Day 4 is delt and trap day, but concentrate only on the side head of the delt. This is the delt that makes you look wide, and putting a round cap on your side head will add lots of impressiveness to your physique. 

Start your side delt routine with 4 sets of Larry Scott dumbbell presses, 8-10 reps a set. To do these presses correctly, stand in front of a dumbbell rack and lean into the rack. Anchor your body so you feel secure. Start your presses with your palms facing forward. The key to making your side head do the majority of the work, instead of the stronger front head, is to pull your elbows well back. As well, you must tip the bells in such a fashion that the outside plates of the bells are higher than the inside plates. The thumb of each hand must be pointing at/or below your ears. As you press the bells, do only the middle portion of the movement -- that is, do not lock out and do not lower the bells all the way down. If you are doing the movement properly, your side heads should be burning after four sets. 

Note: for more on some of Larry Scott's shoulder training techniques, see the 
link under his name above: advanced deltoid routines. 

To really give the side heads a blast follow the Scott presses with the following tri-set: 

Tri-set - 
Dumbbell laterals
4 x 10 ->
Cable upright row
4 x10 ->
Behind the neck press
4 x 10

To totally finish off the side head do 5 sets of one-arm cable laterals in drop set fashion. By now your side heads should be pumped like balloons and on fire.

After you finish off your trap work, take advantage of the fact that the delts, traps, upper back and shoulder girdle are well warmed up, and try to stretch out your clavicles. Do the following tri-set: 

Tri-set - 
Ultra wide grip chins
3 x max reps plus hang for 30 seconds ->
Ultra wide grip behind the neck press
3 x 12-15 ->
Wide grip or Reeves shrugs
3 x 10-12

Here are a few points to keep in mind. The ultra wide grip chins are not meant to develop the lats, as normal wide and medium grip chins are. These are just to stretch your clavicles. They may feel uncomfortable at first. Make sure you use straps or sponges to reinforce your grip. Grip the chinning bar as wide as you possibly can. At the end of each set hang for a count of 30 to further stretch the clavicles and the whole shoulder girdle.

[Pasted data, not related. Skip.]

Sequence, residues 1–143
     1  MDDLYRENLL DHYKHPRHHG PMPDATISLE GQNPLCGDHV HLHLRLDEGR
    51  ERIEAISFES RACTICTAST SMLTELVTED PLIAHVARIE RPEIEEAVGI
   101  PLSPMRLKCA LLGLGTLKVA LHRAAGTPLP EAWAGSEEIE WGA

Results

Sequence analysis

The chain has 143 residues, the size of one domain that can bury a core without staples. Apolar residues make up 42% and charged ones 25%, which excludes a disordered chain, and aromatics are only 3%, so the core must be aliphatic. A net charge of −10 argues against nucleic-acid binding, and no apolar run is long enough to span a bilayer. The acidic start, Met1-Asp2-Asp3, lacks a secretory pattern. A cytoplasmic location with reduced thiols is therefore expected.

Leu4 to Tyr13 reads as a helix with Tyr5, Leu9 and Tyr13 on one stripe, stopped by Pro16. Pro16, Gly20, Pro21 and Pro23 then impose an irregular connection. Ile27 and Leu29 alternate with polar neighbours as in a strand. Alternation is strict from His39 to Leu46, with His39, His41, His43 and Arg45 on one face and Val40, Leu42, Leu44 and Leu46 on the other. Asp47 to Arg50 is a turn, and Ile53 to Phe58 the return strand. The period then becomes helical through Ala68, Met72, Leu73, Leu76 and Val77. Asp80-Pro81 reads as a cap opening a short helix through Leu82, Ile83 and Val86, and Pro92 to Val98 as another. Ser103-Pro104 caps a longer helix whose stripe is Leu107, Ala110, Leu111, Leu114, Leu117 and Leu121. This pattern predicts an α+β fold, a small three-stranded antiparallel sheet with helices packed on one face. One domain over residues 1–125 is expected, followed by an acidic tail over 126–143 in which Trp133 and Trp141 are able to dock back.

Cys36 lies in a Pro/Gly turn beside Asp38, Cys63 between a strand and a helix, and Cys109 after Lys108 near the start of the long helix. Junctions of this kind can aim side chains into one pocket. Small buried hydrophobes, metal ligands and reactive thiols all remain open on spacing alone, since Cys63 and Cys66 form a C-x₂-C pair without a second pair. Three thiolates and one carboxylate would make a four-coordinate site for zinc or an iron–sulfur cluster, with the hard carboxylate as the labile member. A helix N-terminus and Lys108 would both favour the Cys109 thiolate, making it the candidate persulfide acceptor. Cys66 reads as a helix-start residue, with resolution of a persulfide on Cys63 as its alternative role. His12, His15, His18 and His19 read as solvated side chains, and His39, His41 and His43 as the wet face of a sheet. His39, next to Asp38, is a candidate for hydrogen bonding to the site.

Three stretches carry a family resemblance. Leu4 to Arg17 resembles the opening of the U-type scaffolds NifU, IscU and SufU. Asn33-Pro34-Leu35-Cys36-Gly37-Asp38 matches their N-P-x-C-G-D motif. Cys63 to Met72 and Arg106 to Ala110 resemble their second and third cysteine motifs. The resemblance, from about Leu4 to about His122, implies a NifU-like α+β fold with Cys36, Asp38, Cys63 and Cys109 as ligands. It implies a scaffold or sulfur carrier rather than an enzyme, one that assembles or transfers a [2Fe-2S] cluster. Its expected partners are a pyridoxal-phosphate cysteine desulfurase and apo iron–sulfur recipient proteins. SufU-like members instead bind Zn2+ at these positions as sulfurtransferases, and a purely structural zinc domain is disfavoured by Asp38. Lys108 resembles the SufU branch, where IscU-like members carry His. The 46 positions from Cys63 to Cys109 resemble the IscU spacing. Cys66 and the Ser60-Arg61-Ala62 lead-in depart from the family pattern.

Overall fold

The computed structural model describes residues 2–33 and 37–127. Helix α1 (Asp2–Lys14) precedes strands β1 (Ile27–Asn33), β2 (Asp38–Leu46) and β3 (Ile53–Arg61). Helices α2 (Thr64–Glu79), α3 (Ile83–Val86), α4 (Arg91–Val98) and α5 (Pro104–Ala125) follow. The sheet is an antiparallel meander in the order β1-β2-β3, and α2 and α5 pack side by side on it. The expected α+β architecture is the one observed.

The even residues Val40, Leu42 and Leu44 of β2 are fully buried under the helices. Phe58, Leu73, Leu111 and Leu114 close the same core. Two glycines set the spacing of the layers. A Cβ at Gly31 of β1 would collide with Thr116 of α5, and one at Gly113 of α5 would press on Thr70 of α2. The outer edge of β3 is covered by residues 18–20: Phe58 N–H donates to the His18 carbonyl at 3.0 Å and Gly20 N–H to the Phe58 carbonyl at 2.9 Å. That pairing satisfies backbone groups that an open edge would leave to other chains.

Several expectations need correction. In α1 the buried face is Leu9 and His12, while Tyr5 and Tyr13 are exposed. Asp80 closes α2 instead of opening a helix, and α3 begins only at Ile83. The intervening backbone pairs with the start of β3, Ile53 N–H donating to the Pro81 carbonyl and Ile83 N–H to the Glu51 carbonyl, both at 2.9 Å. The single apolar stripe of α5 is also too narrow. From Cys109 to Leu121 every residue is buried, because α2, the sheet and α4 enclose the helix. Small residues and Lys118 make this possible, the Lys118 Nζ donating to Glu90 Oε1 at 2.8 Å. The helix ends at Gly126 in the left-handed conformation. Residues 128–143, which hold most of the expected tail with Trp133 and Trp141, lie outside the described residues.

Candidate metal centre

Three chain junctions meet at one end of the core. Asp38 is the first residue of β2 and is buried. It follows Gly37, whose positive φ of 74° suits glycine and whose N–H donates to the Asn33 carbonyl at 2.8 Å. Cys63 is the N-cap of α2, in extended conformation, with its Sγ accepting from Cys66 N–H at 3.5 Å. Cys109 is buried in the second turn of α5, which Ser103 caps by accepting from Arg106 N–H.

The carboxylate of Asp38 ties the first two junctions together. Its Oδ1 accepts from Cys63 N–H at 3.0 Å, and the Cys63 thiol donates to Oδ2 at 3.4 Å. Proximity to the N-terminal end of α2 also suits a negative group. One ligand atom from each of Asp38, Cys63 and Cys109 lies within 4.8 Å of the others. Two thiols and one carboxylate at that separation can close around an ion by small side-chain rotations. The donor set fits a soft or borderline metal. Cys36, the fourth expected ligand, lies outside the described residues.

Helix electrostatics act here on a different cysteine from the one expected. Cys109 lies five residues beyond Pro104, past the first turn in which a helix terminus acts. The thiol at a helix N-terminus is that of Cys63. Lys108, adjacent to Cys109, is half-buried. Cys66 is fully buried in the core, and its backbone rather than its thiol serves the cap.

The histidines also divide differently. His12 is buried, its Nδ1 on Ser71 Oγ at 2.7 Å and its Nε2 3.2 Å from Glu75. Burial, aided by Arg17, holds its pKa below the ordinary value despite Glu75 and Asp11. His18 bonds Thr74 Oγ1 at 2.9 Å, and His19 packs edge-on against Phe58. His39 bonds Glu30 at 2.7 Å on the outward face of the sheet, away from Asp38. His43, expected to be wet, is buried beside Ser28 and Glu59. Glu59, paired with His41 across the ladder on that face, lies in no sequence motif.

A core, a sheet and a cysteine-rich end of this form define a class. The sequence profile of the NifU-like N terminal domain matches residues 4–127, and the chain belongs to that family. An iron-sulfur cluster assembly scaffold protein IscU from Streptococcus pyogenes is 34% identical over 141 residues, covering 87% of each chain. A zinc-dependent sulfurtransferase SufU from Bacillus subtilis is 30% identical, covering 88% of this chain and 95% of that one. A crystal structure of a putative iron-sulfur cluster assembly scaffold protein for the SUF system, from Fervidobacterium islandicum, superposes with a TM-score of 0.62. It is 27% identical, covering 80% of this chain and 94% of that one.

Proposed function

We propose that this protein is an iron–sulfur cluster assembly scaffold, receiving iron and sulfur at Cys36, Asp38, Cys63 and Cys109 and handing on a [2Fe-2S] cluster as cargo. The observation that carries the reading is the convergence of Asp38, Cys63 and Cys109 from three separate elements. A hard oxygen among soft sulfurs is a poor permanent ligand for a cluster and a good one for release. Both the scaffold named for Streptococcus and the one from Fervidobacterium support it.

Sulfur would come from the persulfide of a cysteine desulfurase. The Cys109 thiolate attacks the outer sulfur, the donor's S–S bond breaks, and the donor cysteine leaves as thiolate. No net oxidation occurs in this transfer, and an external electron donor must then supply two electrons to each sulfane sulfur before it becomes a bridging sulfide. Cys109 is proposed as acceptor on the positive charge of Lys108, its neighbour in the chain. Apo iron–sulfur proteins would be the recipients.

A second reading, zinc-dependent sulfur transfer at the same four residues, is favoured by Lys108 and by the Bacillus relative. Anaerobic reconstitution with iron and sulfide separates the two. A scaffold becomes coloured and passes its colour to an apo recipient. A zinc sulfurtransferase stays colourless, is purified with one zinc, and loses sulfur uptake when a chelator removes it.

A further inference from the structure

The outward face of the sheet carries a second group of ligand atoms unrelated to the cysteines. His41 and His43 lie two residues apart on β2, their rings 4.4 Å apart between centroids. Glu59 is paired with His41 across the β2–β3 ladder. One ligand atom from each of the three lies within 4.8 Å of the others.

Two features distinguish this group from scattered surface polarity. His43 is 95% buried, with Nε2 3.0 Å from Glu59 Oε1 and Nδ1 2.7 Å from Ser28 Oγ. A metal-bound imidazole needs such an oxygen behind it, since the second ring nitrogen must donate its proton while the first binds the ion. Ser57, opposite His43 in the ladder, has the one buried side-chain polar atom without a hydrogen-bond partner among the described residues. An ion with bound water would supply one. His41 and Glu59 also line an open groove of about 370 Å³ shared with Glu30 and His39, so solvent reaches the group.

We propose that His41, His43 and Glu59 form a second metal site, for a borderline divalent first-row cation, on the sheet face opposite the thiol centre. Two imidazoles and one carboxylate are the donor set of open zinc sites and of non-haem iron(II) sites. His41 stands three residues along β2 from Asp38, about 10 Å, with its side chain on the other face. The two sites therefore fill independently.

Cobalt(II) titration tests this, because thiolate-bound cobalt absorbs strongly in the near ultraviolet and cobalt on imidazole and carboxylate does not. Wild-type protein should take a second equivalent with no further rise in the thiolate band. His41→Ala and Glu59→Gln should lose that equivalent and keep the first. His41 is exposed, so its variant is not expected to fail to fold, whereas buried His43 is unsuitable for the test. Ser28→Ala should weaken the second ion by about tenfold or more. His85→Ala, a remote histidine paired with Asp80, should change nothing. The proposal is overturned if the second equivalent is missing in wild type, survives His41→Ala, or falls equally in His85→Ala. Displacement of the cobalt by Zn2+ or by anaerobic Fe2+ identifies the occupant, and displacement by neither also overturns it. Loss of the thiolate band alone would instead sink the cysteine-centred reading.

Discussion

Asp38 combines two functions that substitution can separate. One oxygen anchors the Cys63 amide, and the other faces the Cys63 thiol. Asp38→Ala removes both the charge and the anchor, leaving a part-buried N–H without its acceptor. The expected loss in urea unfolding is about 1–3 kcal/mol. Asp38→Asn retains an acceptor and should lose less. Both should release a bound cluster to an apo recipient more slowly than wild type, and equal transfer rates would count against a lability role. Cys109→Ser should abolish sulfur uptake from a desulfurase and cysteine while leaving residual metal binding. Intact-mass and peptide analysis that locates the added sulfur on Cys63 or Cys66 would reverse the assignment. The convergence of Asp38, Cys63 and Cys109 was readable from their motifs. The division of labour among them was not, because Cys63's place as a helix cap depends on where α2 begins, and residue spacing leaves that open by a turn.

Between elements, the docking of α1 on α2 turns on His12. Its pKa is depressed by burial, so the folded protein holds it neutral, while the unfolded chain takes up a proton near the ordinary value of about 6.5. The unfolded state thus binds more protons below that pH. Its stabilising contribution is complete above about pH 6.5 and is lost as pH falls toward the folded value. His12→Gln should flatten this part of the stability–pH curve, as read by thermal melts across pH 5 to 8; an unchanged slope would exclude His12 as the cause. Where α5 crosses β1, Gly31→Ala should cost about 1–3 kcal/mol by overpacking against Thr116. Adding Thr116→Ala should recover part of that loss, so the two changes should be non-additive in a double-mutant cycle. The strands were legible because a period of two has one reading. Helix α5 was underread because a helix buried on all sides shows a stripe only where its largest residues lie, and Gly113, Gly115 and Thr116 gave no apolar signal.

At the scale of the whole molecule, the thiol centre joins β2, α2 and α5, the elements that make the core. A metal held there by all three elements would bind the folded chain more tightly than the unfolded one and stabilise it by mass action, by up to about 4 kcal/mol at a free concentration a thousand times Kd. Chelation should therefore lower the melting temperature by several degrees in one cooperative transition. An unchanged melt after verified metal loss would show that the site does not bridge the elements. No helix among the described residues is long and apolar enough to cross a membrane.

When doing the ultra wide grip behind the neck presses, use a lighter weight than you normally would. You should really feel a stretch in your clavicles as the bar is lowered. Try to use a grip almost out to the collars! 

To do the wide grip or Reeves shrugs, you either have to have Olympic plates with the big lip on them, or you need a pair of kettlebells that you can place outside the collars of your regular barbell. If you have the big-lipped (deep dish) Olympic plates, put them on the bar backwards so the lips face out. You then grab the plates by this lips -- not the barbell itself -- and do regular shrugging movements. Your grip should be so wide it feels as if your whole upper body is being stretched just holding onto the bar. 

If you do not have an Olympic set, or you don't have deep dish plates, try this with kettlebells. Set the collars of your barbell very wide and then put the kettlebells outside of the collars. Now grab the kettlebell handles and do the shrugs. You should feel as if your shoulders are undergoing stretch therapy! 

I remind you once again that these routines are specialization routines; they are not meant to be used year round, only for short periods of time to shock your delts into new growth. Most of the year you should stick to heavy, basic training. If you do decide to follow any of these routines, I suggest you get extra rest and sleep, and increase your nutrient intake, duh, eat more. 

Also cut back a bit on the sets you do for your other muscle groups. These routines are not for the beginner, but if you are fairly advanced and you've reached a sticking point in your delt development, they might be just what you need to get yourself growing again.

Enjoy Your Lifting!